7 December 2019, I attended the I International Conference: Translation as an Act of Cultural Dialogue where I was given an opportunity to present a paper on what forms the main area of my research and represents a subject of my enduring fascination: translation of polyphony.
The event took place at the University of Glasgow and was dedicated to the heritage of Alexander Pushkin and cultural links between Scotland and Russia.
Like golden thread, translation wove a path through the fabric of the day, and I feel privileged and honoured to have spoken about my research, amongst others, alongside such legendary figures from the world of translation as Alexander Livergant and Grigory Kruzhkov.
The theme of polyphony has been troubling me for several years, since I discovered Jacques Derrida, who triggered my fascination for voice in its written form, and Mikhail Bakhtin, whose polyphonic theory opened the door for me into the colourful world where voices “interact, disagree and argue with each other”.
The idea of a voice being not only independent but also equal to the author of the original text is intriguing and thought-provoking. It offers an entirely new approach to reading, understanding and analysing the source text.
In music, the term goes back to the 10th century and the coexistence of voices in the Baroque style of Bach, Handel, Telemann and Vivaldi gives a real joy to classical music lovers. If a performer is good, voices come out with clarity and dexterity. One can follow each melodic line independently from the others. And yes, those voices do argue and compete for attention. Yet, the harmony of the piece is still there and the listener whose ear is untrained to understand the polyphonic aspect and decode the meaning of each individual voice, can still enjoy the beauty of the music.
In literature, the concept of multi-voicedness offers a chance to see literary work as “many-in-one”. The polyphonic approach reveals dexterity and a wealth of dimensions in writing. Yet, those who may not be able to decode this concept, can still enjoy the story.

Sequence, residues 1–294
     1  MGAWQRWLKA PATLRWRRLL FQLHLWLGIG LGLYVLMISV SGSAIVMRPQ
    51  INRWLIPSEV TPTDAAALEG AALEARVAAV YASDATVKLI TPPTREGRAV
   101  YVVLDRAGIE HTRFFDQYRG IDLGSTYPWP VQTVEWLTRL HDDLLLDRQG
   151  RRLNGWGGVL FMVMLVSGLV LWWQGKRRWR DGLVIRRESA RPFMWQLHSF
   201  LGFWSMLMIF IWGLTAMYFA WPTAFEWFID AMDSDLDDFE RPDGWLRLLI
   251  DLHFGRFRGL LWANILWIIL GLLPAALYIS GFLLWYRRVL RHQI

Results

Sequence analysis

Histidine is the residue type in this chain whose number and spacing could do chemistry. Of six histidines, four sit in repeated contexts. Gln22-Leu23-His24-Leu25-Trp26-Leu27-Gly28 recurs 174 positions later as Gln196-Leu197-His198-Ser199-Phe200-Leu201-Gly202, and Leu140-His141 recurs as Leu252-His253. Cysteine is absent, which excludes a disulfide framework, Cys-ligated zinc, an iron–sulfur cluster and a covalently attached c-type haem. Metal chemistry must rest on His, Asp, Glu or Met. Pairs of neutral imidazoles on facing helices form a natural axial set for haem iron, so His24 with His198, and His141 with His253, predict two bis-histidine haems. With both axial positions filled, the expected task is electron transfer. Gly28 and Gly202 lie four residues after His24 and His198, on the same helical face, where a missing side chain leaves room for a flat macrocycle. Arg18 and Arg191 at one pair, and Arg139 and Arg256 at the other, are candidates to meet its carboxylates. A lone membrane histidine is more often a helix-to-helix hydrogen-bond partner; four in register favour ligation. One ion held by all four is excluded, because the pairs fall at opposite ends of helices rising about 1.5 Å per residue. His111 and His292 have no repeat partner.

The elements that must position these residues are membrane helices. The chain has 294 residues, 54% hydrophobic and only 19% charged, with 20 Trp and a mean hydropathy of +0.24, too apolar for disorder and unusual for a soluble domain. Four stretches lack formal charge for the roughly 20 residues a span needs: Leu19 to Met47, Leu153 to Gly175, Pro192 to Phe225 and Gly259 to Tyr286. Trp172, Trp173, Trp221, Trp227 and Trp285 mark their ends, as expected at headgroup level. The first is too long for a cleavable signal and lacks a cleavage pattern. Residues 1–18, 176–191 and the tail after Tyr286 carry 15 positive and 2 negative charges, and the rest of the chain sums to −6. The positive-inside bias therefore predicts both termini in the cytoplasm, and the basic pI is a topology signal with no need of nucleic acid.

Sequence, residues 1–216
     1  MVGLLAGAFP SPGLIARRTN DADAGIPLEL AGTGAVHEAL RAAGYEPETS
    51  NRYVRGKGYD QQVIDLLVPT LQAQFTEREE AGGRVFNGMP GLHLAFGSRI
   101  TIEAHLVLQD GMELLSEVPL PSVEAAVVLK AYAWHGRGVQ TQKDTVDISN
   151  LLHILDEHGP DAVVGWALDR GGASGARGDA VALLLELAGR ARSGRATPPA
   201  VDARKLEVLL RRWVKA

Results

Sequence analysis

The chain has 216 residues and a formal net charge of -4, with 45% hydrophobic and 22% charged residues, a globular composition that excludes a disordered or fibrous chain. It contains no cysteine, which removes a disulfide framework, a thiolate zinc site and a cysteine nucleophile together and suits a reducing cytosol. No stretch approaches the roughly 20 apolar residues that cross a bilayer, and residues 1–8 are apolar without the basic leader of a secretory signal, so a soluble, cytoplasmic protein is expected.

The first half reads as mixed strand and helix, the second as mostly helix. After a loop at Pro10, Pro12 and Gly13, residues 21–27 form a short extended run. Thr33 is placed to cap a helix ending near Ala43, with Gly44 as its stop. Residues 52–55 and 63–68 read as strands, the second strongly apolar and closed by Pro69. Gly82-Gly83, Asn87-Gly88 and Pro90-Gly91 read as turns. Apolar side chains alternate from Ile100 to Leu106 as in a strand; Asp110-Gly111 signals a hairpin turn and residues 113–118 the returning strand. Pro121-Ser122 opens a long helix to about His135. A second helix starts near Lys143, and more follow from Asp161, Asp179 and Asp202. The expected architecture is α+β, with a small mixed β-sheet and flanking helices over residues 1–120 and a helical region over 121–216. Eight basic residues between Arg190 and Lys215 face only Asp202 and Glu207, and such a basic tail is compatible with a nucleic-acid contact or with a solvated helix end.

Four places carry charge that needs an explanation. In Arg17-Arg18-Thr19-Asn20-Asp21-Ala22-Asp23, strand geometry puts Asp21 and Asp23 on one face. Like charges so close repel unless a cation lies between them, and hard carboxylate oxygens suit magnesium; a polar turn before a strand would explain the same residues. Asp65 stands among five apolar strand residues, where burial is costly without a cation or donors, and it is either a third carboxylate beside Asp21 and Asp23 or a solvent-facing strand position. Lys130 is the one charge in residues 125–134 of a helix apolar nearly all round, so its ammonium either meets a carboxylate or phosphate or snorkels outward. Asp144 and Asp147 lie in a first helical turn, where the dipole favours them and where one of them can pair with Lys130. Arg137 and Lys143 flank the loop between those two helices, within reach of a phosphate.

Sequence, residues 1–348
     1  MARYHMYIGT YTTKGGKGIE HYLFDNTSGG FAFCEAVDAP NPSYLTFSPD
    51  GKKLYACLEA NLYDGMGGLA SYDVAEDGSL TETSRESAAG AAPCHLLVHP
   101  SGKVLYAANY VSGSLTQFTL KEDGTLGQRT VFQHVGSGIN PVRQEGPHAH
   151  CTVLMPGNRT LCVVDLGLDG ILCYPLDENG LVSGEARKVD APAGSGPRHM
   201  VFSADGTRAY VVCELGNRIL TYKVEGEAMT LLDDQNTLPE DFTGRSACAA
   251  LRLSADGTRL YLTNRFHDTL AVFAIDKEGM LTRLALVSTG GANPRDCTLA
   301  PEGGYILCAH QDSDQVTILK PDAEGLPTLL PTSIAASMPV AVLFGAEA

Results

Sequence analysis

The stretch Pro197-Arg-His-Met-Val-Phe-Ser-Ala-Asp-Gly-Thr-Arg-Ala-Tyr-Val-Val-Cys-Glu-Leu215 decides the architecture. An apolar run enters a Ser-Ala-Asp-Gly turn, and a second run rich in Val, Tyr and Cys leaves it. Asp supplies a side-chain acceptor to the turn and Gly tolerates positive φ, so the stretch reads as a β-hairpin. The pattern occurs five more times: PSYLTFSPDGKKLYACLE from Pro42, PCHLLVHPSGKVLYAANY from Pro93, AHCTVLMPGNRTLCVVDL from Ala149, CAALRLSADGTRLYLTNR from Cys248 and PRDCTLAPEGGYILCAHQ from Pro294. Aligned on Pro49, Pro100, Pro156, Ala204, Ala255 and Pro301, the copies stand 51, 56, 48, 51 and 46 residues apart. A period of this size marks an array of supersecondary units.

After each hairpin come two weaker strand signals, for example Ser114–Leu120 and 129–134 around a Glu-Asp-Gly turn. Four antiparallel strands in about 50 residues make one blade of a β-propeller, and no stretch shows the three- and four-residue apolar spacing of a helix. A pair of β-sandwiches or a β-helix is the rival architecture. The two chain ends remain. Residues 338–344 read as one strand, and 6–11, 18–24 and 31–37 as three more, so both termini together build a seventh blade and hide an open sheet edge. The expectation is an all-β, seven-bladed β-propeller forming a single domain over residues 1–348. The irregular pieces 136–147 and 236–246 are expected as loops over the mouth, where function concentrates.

I often compare a translator to a performer in music. Musicians deliver to the audience ideas and concepts of the composers. They translate the heritage of Mozart, Bach etc. into a unity of sounds so that we can strive to understand the message of those masters. If the performers do not succeed — the listeners, at best, are presented with a melodic nonsense. It takes a big talent and years of hard work to reach such a level that musical voices sing to the audience through the hands of the artists.
In translation, the best of us will try to decode the message of the original together with as many undertones as they can find in the source text. They will strive to re-create the style, the meaning, the context — so that the target readership will benefit from as many nuances of the original as possible. Yet, unlike in classical music, there is no specific training for translators to understand and decode voices as well as the impact they could make on the reader, let alone, a system that would allow to preserve those voices in translation.
The theme of preserving polyphony in translation is fundamental to my research, which is still at the very beginning and needs a lot of expert help and hard work. Allowing me to speak about this in front of such notable people, including many professors from the University of Glasgow, gives me a thrill and enthusiasm to continue.
A lot of work is yet to be done, but I am optimistic and ready to do this work! My sleeves are rolled up and my head is delving down into the research!
I am hugely grateful to Dr James Rann, Dr Tiina Tuominen, Dr Shamil Khairov, Dr Nadia Rahab, Dr Alex Krouglov, Dr Mercedes Carbayo-Agonzar and Dr Piero Toto for all the help and support so far!
The day of the Conference was an insightful learning experience and brought a lot of nostalgia to my Russian side!
And of course…
My wholehearted words of thanks go to all the organisers of the event!